This February, in an effort to restore some of the highest-priority salmon and steelhead habitat in the Grande Ronde, Snake and Columbia River basins, Western Rivers Conservancy purchased a unique reach of Oregon’s Catherine Creek. Flowing 32 miles from the Wallowa Mountains to the Grande Ronde, Catherine Creek is particularly important for threatened spring Chinook, which spawn in the upper reaches of the creek, where we are focusing our efforts. The stream reach that passes through the 545-acre property also provides critical habitat for bull trout and summer steelhead.
Catherine Creek has been identified as one of the highest priorities for recovering threatened fish species within the Columbia River basin. Yet extensive restoration of the creek is difficult because much of it flows through private land. When this one-of-a-kind property came up for sale, we jumped at the opportunity.
Now that we own the parcel, we are working to convey it to the Confederated Tribes of the Umatilla Indian Reservation, which received funding to restore the stream for the sake of imperiled fish. The Tribe plans to place large woody material in-stream, replant riparian zones, stabilize stream banks and restore deep pools, stream-meanders and side channels. The work will practically recreate the original stream along a reach that was rechanneled decades ago.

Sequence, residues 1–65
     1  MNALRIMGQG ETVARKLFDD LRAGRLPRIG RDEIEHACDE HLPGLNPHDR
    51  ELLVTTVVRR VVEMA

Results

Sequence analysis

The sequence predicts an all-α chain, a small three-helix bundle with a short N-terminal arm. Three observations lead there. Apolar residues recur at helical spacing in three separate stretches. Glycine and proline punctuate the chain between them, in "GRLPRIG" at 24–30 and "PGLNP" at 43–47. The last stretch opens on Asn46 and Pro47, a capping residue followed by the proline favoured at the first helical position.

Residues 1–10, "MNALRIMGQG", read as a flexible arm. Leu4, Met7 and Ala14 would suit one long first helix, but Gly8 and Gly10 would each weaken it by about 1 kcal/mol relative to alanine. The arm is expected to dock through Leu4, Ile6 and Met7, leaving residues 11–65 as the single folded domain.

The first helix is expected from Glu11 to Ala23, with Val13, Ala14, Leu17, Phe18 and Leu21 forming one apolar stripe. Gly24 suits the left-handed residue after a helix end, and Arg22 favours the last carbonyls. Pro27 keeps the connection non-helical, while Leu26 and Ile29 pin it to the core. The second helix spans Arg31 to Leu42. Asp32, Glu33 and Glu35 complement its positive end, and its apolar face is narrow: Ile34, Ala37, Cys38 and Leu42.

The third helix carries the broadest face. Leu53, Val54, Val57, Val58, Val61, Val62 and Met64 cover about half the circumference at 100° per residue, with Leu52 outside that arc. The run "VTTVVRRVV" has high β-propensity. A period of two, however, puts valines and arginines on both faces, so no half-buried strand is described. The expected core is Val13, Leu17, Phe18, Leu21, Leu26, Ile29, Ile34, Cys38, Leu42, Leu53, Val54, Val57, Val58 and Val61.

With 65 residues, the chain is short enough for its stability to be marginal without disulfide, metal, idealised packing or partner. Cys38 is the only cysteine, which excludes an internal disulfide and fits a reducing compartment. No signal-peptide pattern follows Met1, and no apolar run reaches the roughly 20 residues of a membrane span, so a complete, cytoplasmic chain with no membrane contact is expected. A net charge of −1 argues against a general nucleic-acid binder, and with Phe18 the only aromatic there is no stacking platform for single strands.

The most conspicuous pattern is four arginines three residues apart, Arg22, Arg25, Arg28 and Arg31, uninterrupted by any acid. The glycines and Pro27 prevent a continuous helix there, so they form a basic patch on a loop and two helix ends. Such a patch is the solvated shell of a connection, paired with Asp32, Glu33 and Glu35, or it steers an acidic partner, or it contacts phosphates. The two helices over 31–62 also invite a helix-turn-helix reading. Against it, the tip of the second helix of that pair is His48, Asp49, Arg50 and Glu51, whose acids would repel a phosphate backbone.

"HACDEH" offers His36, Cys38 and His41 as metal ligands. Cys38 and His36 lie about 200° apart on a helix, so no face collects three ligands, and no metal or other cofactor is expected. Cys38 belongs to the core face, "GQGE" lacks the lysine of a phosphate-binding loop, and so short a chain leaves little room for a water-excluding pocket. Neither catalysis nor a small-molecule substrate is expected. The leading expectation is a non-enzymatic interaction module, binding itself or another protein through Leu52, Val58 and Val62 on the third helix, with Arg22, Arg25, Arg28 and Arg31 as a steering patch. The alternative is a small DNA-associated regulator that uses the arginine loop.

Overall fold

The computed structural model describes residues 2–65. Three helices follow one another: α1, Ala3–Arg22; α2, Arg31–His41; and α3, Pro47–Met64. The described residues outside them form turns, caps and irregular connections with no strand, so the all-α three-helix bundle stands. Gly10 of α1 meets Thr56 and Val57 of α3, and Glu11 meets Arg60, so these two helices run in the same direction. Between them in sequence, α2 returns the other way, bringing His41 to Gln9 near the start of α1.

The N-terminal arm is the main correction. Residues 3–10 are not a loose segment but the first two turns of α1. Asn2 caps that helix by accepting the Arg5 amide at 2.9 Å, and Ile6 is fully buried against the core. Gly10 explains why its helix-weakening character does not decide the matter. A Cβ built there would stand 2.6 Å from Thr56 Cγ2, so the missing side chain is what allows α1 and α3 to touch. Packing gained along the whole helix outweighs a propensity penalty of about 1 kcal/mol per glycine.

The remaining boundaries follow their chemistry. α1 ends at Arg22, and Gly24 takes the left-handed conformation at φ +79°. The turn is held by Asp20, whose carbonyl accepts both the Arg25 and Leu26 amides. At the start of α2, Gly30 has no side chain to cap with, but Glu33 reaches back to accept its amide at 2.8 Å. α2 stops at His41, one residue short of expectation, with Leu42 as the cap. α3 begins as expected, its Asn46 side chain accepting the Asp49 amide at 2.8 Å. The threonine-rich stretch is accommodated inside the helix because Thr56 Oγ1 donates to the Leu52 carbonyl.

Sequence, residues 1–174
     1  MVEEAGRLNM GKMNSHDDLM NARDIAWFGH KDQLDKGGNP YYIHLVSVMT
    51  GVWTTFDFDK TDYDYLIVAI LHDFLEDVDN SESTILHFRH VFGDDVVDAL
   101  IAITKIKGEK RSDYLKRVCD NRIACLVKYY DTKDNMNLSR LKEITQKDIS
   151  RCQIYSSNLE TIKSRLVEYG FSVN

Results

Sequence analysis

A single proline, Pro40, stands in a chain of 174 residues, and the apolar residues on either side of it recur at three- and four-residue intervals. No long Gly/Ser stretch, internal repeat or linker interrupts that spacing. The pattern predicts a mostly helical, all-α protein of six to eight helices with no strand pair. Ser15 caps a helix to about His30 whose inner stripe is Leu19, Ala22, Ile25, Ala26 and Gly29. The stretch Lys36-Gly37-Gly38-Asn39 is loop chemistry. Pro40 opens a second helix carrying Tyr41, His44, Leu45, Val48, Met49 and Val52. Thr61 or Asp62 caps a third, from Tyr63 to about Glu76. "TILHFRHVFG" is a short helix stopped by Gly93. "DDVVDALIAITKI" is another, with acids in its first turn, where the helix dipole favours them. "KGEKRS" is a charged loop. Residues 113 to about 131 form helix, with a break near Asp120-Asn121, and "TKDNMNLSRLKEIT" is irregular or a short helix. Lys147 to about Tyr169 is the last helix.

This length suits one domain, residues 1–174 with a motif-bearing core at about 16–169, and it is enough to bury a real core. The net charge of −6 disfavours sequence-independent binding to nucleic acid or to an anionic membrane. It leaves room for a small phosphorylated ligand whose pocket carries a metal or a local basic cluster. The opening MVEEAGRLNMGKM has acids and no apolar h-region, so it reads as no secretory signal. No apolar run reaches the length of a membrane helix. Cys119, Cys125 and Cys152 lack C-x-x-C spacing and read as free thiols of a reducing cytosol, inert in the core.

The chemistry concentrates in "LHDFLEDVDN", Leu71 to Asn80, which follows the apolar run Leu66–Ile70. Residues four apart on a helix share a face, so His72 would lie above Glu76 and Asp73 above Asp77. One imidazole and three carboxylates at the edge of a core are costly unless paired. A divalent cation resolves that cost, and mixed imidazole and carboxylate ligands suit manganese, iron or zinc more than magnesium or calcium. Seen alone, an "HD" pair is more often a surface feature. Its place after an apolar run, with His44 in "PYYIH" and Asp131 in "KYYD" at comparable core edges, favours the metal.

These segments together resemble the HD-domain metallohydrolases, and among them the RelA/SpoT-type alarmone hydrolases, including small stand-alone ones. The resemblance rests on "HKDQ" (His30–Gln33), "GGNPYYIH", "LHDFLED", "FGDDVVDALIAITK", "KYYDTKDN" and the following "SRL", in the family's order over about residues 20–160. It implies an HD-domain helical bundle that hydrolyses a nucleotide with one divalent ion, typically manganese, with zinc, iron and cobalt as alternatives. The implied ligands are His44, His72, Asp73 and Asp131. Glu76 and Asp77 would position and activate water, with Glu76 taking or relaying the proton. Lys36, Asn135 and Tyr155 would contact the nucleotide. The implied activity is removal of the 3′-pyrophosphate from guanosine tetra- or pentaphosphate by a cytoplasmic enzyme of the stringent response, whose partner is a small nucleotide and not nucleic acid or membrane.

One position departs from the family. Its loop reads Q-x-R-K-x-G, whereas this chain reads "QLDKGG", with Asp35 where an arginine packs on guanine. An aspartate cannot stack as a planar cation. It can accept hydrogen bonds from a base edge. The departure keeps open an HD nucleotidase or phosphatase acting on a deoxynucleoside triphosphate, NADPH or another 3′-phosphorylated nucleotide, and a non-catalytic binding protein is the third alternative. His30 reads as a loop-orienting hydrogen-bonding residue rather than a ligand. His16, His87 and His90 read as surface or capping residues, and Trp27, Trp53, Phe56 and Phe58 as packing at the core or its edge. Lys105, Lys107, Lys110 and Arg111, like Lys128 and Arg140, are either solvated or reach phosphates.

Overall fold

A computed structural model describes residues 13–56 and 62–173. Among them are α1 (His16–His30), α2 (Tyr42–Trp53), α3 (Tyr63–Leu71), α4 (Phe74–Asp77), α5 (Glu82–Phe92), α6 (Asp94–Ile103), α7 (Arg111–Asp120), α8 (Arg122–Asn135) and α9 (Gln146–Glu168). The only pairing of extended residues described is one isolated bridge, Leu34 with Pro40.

While Catherine Creek is a relatively small stream, its importance to the Grande Ronde, Snake and Columbia Rivers is enormous. Restoring this key reach will improve the overall health of the creek and improve odds for some of the most imperiled fish in the Columbia River basin.
From WRC's Riverlands newsletter